58% of consumers conduct pre-purchase online research
The investigative phase of the buying cycle of the typical adult shopper in the USA now frequently starts with online product research.
According to the latest Pew Research Center’s Internet & American Life Project, 58% of American adults have done research online about the products and services they buy, up from 49% in 2004. The study was conducted with over 3000 adults between August 9 and September 13, with the findings released earlier this week.
On a typical day, one in five adults (21%) are searching for product or service information online, a 40% from the 15% level reached in September 2007.
According to Jim Jensen, a senior fellow with the Pew Research Center, the research clearly shows that more people are going online first to compare prices, make product comparisons, and read product reviews, even if they make their purchases in retail stores rather than online. As Jensen says, “even if they end up making their purchases in a store, they start their fact-finding and decision-making on the Internet.”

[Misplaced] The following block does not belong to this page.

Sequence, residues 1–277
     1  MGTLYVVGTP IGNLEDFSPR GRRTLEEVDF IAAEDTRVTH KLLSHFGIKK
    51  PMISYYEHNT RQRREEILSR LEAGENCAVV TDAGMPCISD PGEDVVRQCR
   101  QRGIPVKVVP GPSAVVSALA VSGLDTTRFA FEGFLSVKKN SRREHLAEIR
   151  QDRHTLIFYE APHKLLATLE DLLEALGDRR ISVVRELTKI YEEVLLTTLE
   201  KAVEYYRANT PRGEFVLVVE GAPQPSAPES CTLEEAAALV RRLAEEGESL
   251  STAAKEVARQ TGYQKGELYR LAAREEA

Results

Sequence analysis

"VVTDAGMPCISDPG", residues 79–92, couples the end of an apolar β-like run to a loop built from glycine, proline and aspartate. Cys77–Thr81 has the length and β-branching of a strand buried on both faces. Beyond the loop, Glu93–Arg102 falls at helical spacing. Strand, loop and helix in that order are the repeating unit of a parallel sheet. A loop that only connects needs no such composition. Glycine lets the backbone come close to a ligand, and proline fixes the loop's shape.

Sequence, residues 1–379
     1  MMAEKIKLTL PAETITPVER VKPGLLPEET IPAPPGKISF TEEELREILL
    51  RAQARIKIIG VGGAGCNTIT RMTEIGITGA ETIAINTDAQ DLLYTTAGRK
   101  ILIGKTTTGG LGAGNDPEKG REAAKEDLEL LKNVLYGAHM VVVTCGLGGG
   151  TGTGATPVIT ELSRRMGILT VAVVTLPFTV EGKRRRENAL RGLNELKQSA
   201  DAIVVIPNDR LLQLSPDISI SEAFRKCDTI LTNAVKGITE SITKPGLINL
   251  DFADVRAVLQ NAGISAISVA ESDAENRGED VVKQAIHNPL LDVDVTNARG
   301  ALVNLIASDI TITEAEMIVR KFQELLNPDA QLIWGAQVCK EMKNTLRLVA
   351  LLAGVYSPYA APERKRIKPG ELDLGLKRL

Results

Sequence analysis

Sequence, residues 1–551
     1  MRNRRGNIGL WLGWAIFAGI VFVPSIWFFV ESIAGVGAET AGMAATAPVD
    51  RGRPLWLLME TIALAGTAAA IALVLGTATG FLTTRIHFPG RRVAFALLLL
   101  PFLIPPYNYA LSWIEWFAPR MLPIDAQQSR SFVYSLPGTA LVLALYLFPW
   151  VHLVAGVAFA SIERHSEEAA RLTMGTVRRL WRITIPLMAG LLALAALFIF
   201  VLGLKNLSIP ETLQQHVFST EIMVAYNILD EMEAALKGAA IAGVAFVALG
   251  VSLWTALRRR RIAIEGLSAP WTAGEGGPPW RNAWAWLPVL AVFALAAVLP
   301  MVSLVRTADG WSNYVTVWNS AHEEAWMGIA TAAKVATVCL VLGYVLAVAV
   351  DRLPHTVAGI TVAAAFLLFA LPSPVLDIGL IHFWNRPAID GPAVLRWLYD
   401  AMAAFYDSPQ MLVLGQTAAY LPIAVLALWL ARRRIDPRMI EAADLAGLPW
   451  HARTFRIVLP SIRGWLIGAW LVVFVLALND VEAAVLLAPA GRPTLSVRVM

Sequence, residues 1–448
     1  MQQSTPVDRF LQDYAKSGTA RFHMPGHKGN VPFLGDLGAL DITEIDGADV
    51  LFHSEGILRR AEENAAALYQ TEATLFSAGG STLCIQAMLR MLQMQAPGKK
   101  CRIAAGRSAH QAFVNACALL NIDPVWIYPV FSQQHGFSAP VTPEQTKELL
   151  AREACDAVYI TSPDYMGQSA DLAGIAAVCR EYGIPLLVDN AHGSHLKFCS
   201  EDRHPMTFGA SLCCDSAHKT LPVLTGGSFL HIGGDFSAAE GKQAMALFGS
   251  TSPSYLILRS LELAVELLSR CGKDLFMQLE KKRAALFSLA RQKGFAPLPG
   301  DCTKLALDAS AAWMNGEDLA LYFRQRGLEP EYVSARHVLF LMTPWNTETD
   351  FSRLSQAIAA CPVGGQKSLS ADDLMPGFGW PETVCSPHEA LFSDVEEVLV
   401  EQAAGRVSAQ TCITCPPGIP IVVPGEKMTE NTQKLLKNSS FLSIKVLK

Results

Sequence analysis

Interestingly, nearly a quarter (24%) of the respondents said they have posted comments or reviews online about the products and services they buy.
The Pew research also reported that 52% of Americans are now purchasing products online.
It definitely appears that shoppers start with the Internet, and then decide if, what and where to purchase.
How powerful is the Apple brand?
I read last week that the Apple iPhone share of the U.S. smart phone market for the fourth quarter was an amazing 28%. This was up from the 19% level in the third quarter.